The Cloister and the Hearth, by Charles Reade

Chapter 82

“Mistress, they all say he is dead.”

“Not so. They feed me still with hopes.”

“Ay, to your face, but behind your back they all say he is dead.”

At this revelation Margaret’s tears began to flow’.

Luke whimpered for company. He had the body of a man but the heart of a girl.

“Prithee, weep not so, sweet mistress,” said he. “I’d bring him back to life an I could, rather than see thee weed so sore.”

Margaret said she thought she was weeping because they were so double-tongued with her.

She recovered herself, and laying her hand on his shoulder, said solemnly, “Luke, he is not dead. Dying men are known to have a strange sight. And listen, Luke! My poor father, when he was a-dying, and I, simple fool, was so happy, thinking he was going to get well altogether, he said to mother and me — he was sitting in that very chair where you are now, and mother was as might be here, and I was yonder making a sleeve — said he, ‘I see him!’ I see him! Just so. Not like a failing man at all, but all o’ fire. ‘Sore disfigured-on a great river-coming this way.’

“Ah, Luke, if you were a woman, and had the feeling for me you think you have, you would pity me, and find him for me. Take a thought! The father of my child!”

“Alack, I would if I knew how,” said Luke, “but how can I?”

“Nay, of course you cannot. I am mad to think it. But oh, if any one really cared for me, they would; that is all I know.”

Luke reflected in silence for some time.

“The old folk all say dying men can see more than living wights. Let me think: for my mind cannot gallop like thine. On a great river Well, the Maas is a great river.” He pondered on.

“Coming this way? Then if it ’twas the Maas, he would have been here by this time, so ’tis not the Maas. The Rhine is a great river, greater than the Maas; and very long. I think it will be the Rhine.”

“And so do I, Luke; for Denys bade him come down the Rhine. But even if it is, he may turn off before he comes anigh his birthplace. He does not pine for me as I for him; that is clear. Luke, do you not think he has deserted me?” She wanted him to contradict her, but he said, “It looks very like it; what a fool he must be!”

“What do we know?” objected Margaret imploringly.

“Let me think again,” said Luke. “I cannot gallop.”

The result of this meditation was this. He knew a station about sixty miles up the Rhine, where all the public boats put in; and he would go to that station, and try and cut the truant off. To be sure he did not even know him by sight; but as each boat came in he would mingle with the passengers, and ask if one Gerard was there. “And, mistress, if you were to give me a bit of a letter to him; for, with us being strangers, mayhap a won’t believe a word I say.”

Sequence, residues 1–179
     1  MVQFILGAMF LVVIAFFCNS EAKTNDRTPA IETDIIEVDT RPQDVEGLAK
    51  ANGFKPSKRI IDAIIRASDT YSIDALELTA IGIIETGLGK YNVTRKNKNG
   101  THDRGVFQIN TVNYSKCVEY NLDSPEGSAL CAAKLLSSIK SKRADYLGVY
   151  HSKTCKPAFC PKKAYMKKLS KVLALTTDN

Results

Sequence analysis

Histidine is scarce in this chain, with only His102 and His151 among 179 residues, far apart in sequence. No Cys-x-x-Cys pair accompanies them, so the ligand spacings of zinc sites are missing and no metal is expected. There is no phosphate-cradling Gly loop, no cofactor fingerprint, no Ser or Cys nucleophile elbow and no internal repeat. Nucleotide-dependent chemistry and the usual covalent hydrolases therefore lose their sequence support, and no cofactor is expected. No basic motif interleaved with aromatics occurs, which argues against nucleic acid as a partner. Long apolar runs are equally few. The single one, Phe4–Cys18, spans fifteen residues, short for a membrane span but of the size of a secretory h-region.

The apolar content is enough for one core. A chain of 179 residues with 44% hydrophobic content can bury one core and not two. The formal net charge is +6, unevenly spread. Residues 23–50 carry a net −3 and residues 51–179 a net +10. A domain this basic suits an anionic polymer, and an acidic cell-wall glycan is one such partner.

“Good, kind, thoughtful Luke, I will (how I have undervalued thee!). But give me till supper-time to get it writ.” At supper she put a letter into his hand with a blush; it was a long letter, tied round with silk after the fashion of the day, and sealed over the knot.

Luke weighed it in his hand, with a shade of discontent, and said to her very gravely, “Say your father was not dreaming, and say I have the luck to fall in with this man, and say he should turn out a better bit of stuff than I think him, and come home to you then and there — what is to become o’ me?”

Margaret coloured to her very brow. “Oh, Luke, Heaven will reward thee. And I shall fall on my knees and bless thee; and I shall love thee all my days, sweet Luke, as a mother does her son. I am so old by thee: trouble ages the heart. Thou shalt not go ’tis not fair of me. Love maketh us to be all self.”

“Humph!” said Luke. “And if,” resumed he, in the same grave way, “yon scapegrace shall read thy letter, and hear me tell him how thou pinest for him, and yet, being a traitor, or a mere idiot, will not turn to thee what shall become of me then? Must I die a bachelor, and thou fare lonely to thy grave, neither maid, wife, nor widow?”

Margaret panted with fear and emotion at this terrible piece of good sense, and the plain question which followed it. But at last she faltered out, “If, which our Lady be merciful to me, and forbid — Oh!”

“Well, mistress?”

“If he should read my letter, and hear thy words — and, sweet Luke, be just and tell him what a lovely babe he hath, fatherless, fatherless. Oh, Luke, can he be so cruel?”

“I trow not but if?”

“Then he will give thee up my marriage lines, and I shall be an honest woman, and a wretched one, and my boy will not be a bastard; and of course, then we could both go into any honest man’s house that would be troubled with us; and even for thy goodness this day, I will — I will — ne’er be so ungrateful as go past thy door to another man’s.”

“Ay, but will you come in at mine? Answer me that!”

“Oh, ask me not! Some day, perhaps, when my wounds leave bleeding. Alas, I’ll try. If I don’t fling myself and my child into the Maas. Do not go, Luke! do not think of going! ’Tis all madness from first to last.”

But Luke was as slow to forego an idea as to form one.

His reply showed how fast love was making a man of him. “Well,” said he, “madness is something, anyway; and I am tired of doing nothing for thee; and I am no great talker. To-morrow, at peep of day, I start. But hold, I have no money. My mother, she takes care of all mine; and I ne’er see it again.”

Then Margaret took out Catherine’s gold angel, which had escaped so often, and gave it to Luke; and he set out on his mad errand.

It did not, however, seem so mad to him as to us. It was a superstitious age; and Luke acted on the dying man’s dream, or vision, or illusion, or whatever it was, much as we should act on respectable information.